The Big Pym-Re-Read: Excellent Women, Part 1

excellentwomenNote: This post contains what may be considered spoilers, not so much of the plot, but of the future, off-the-page life of its protagonist.

This might be my favourite novel by Barbara Pym. Mildred Lathbury is most certainly my favourite of Pym’s characters. She is an ‘excellent’ woman — an unmarried, Christian gentlewoman, one of the pillars of her parish — capable, dependable, thoroughly respectable.

When reading Excellent Women, I get the impression that Mildred sees herself as plain and dull although she never actually says she is (the novel is written in the first person). The impression is created with a few self-deprecating remarks, adverbs and adjectives! Even if you think ‘spinster’ is a neutral descriptor, it’s evident, from how she uses the word, that Mildred views it negatively: ‘fussy and spinsterish’; ‘spinsterish and useless’; ‘dim spinsters’; ‘spinsterish and “set” in my ways’.

Hmm, thinking about it, it may be that Mildred doesn’t see herself as ‘spinsterish’ or a spinster, with all that the word implies, but dreads the fact that she is one, or might be on her way to becoming one. Perhaps she has conflicting feelings about spinsterhood. On one hand, her religion and job obliges her to view them positively, even if it is with pity; on the other, she actually doesn’t think much of them, and fears being viewed as one by those around her.

mildredbw
Mildred?

Personally, I see Mildred resembling the actor Susan Wooldridge in her role as Daphne in  the television adaptation of The Jewel in the Crown. Daphne is supposed to be awkward and plain, but although Wooldridge succeeded in portraying the character as somewhat gawky and graceless, she was unable to make her unattractive. I think of Mildred’s intelligence and wit would animate her face, and her compassionate nature would warm her gaze, her wry humour put a twinkle in her eye, no matter how discreetly she behaved. Mildred is most certainly an attractive woman even if not a beauty. And as for being ‘dim’, ‘fussy’, ‘useless’ or dull, the glamorous heartbreaker Rockingham Napier certainly doesn’t think so!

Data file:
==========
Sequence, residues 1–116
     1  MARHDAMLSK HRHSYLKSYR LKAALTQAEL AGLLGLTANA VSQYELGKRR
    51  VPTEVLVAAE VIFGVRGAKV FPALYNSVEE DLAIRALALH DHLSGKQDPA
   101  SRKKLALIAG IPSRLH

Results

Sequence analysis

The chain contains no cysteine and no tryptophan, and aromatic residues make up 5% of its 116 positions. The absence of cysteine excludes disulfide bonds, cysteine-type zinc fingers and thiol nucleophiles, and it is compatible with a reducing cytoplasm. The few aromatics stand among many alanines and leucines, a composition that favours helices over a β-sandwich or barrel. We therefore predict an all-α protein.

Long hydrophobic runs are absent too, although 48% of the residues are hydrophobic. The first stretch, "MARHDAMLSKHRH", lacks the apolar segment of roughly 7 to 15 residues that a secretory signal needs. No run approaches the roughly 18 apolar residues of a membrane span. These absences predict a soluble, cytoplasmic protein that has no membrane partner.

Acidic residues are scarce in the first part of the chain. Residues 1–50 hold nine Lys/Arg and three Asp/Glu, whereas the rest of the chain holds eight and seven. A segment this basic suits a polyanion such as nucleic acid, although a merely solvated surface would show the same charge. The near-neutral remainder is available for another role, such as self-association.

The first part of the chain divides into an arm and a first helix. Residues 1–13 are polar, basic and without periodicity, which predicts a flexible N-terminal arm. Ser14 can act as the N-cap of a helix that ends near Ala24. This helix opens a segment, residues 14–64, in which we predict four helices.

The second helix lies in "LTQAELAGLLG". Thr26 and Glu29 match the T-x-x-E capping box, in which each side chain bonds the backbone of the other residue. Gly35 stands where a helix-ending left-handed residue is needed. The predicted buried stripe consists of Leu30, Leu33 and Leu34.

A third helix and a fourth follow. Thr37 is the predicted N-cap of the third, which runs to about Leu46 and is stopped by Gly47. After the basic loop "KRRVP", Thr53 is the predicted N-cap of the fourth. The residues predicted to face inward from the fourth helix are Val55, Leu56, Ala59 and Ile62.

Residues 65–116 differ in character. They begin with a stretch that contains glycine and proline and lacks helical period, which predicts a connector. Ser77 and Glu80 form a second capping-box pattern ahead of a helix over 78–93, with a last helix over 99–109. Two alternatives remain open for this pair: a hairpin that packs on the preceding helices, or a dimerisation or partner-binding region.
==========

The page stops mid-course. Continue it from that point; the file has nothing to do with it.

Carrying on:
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#AtoZChallenge: Z

  • Z is for Zoo
  • No, not the sort of zoo where animals are forced to live in captivity. I’m talking about shoe brand Elisa Litz’s Zoo range.
  • I have my eye on the two feline designs (but of course!):

    Who knows … I might buy them both!

    And thus ends my attempt at this year’s #AtoZChallenge. I will do it again next year and actually plan my posts.

    This year’s posts have been embarrassingly random and, at times, vague. For those who have been kind enough to read them, thank you. Will do better in 2020!

    #AtoZChallenge: V

    V is for Violin.

    As played by Itzhak Perlman.

    This is my go-to track when I need to recover from life.

    #AtoZChallenge: R

    RM

    R is for RM.

    Not Malaysia’s currency, but a member of the Korean pop group BTS.

    Noooo, I am not a fan, but my daughter is, and so, I’ve had a earworm of their latest single Boy With Luv for the last few days.

    Well, my Ma used to listen to my favourite bands with me and I’m paying it forward, I guess. I’m trying to memorise the names of all the members of the group. My daughter said: ‘There are only seven names to remember: You’re lucky there aren’t twenty of them!’ Indeed!

    BTS

    *

    #AtoZChallenge: P

    pomelo1P is for Pomelo.

    It’s been a while since I had pomelo. A whole fruit is waiting for me at a friend’s place and I am actually excited!

    When I was little, the highlight of having pomelo was the hat my father made out of the skin. I would wear it for maybe one minute, but the fun was anticipating the hat!